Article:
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Meggin Thwing Eastman

Meggin Thwing Eastman

Research Editorial Director

Meggin Thwing Eastman, as Research Editorial Director for MSCI ESG Research, is responsible for global editorial strategy and oversight for ESG research content. She has authored numerous research insights and guidance for asset owner and asset managers seeking to incorporate ESG considerations into their investment process. Human capital management and corporate gender diversity are areas of particular focus. Recent publications include Silicon Valley’s Women (on Boards) Problem, Institutional Investing for the SDGs (co-authored with the OECD) The Right Stuff: Talent Management and Innovation, Women on Boards and the Human Capital Connection, Bitter Pills: The US Opioid Crisis and Potential Impact on Healthcare Companies, Investor Responses to Gun Violence in the US, The State of Investing for SDG Impact Through Public Equities, and Has Gender Pay Parity Arrived in the Executive Suite? Meggin has worked in the ESG field since joining the former KLD Research & Analytics in 1998. Meggin holds a Bachelor of Arts from Williams College and an MA from the University of California, Berkeley.

Research and Insights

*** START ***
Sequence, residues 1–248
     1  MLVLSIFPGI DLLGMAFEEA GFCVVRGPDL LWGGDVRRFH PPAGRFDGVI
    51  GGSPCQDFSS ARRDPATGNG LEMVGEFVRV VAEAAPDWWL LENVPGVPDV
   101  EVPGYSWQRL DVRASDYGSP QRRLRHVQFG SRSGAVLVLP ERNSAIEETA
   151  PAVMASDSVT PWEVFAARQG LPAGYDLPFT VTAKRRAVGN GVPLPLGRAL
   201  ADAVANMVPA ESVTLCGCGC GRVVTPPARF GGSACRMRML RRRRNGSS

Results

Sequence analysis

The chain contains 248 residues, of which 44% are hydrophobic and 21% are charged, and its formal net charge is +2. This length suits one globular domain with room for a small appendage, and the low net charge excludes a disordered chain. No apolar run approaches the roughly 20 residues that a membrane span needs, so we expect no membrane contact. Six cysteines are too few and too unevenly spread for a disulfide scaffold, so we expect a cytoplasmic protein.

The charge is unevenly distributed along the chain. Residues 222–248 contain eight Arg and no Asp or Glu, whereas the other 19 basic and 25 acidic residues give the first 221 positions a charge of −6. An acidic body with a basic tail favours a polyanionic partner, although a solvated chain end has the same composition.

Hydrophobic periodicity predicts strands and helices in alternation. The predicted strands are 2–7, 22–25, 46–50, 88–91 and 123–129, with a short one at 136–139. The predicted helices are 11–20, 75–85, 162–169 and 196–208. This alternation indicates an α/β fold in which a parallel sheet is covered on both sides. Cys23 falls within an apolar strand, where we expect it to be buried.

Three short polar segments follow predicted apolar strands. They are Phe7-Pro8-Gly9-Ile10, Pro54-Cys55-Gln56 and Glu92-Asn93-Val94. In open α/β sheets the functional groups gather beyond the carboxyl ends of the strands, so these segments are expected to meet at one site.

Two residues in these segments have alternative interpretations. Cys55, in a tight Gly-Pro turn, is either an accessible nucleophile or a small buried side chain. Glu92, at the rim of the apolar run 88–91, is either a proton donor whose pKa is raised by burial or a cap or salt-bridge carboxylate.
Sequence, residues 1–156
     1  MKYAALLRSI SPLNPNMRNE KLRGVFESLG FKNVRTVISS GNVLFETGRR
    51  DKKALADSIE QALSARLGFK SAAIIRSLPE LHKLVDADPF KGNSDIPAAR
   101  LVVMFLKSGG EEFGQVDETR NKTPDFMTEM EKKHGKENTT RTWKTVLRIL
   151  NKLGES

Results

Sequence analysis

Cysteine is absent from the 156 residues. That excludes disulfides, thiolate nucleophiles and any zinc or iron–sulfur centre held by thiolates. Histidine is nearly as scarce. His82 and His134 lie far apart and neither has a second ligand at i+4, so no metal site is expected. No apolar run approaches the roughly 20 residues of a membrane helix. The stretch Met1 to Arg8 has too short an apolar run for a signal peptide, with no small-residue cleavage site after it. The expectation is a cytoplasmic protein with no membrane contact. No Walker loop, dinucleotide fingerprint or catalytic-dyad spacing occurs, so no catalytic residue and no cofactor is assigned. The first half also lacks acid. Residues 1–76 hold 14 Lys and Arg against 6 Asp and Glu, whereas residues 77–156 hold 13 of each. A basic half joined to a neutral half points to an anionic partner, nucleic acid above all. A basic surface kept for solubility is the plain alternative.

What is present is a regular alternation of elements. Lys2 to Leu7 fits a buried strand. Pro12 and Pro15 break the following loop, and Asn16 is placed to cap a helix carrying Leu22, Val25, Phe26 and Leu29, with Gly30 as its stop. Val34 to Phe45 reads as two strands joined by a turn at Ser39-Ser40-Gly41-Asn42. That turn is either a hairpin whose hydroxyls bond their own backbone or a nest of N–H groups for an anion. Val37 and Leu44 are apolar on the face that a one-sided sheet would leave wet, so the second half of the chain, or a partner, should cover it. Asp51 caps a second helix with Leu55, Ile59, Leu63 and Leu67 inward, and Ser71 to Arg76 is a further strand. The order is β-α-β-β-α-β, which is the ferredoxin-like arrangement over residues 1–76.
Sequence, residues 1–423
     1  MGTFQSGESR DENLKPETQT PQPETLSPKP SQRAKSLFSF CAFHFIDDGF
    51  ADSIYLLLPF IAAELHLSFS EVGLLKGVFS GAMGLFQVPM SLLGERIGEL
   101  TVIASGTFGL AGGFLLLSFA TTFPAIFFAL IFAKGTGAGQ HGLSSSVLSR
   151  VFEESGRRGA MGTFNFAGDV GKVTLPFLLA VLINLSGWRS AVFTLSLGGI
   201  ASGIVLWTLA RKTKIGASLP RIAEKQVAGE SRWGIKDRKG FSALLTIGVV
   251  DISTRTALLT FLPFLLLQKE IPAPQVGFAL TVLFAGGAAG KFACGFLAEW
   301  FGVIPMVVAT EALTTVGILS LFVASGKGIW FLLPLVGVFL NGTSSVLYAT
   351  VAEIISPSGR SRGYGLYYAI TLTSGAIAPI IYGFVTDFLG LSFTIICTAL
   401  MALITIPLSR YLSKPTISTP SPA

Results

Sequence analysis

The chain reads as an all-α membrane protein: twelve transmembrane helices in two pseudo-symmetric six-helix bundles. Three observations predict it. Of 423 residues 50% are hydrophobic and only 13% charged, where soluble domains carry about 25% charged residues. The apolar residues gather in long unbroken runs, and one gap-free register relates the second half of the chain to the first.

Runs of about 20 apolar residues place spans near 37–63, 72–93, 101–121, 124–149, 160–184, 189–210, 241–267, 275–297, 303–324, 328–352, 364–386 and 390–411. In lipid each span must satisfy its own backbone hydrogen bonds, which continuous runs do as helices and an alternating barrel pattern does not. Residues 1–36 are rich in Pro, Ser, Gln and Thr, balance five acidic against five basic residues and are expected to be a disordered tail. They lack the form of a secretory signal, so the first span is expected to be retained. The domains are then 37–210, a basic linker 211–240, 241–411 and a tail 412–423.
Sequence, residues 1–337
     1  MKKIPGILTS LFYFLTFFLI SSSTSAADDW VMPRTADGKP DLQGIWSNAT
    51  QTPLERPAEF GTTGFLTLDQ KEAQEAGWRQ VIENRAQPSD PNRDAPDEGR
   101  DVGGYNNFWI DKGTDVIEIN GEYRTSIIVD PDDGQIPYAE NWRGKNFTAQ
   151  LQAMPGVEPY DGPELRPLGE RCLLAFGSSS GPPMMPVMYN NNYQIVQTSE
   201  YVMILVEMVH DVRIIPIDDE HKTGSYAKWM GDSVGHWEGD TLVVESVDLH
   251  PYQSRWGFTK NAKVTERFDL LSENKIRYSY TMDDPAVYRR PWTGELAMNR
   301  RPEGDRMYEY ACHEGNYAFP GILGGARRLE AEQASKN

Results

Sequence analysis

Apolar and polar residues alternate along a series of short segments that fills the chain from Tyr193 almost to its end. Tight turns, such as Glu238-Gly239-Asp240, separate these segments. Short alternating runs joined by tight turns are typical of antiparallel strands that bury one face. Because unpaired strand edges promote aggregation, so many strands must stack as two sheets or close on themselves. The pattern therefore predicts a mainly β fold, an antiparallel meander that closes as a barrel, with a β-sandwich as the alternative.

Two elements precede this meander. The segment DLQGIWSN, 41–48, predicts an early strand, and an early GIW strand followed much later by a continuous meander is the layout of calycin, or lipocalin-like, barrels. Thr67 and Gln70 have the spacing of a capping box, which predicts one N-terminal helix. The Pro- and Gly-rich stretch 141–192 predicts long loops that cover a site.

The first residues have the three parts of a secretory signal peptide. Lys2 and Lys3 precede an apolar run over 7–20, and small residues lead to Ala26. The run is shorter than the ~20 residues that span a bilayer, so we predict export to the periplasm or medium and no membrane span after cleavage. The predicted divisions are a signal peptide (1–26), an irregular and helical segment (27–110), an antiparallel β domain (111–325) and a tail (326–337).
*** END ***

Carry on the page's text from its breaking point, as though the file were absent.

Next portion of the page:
Articles by Meggin Thwing Eastman

    What COP27 Means for Companies and Investors

    9 mins read Blog | Nov 21, 2022 | Sylvain Vanston , Oliver Marchand , Chris Cote , Simone Ruiz-Vergote , Meggin Thwing Eastman

    COP27 underscored the need for action on corporate climate pledges, the importance of data and a series of initiatives to spur public and private investment for developing countries. We review some of the key developments for companies and investors.

    ESG Trends to Watch for 2022

    6 mins read Blog | Jan 7, 2022 | Linda-Eling Lee , Meggin Thwing Eastman

    As the world’s biggest companies work toward net-zero, corporations ask: What do we do about our suppliers? Meanwhile, ESG investing truly has gone mainstream (with the regulatory attention to prove it). We review these trends and emerging risks.

    2022 ESG Trends to Watch

    Research Report | Dec 7, 2021 | Linda-Eling Lee , Meggin Thwing Eastman

    ESG trends impacting investors in 2022 range from evolving regulation and the receding of greenwashing, to the push for change in energy production and the role of capital. Each presents risks, and opportunities, for investors in the years to come.

    Climate Matters: What’s in an ESG Rating. And What’s Not.

    6 mins read Blog | Nov 23, 2021 | Meggin Thwing Eastman , Guido Giese , Zoltán Nagy

    ESG ratings are widely used in active management and ESG indexes, with a growing focus on climate change. This has increased debate around two questions: Why are ESG ratings so different across providers? And how do ESG ratings reflect climate risk?

    How to Achieve Net Zero? Leaders Weigh In

    7 mins read Blog | Oct 18, 2021 | Meggin Thwing Eastman

    How can investors help accelerate the net-zero transition? This was the central question at MSCI’s 2021 Global Investing Conference. We present the core takeaways from the two-day event, which featured senior corporate and investment thought leaders.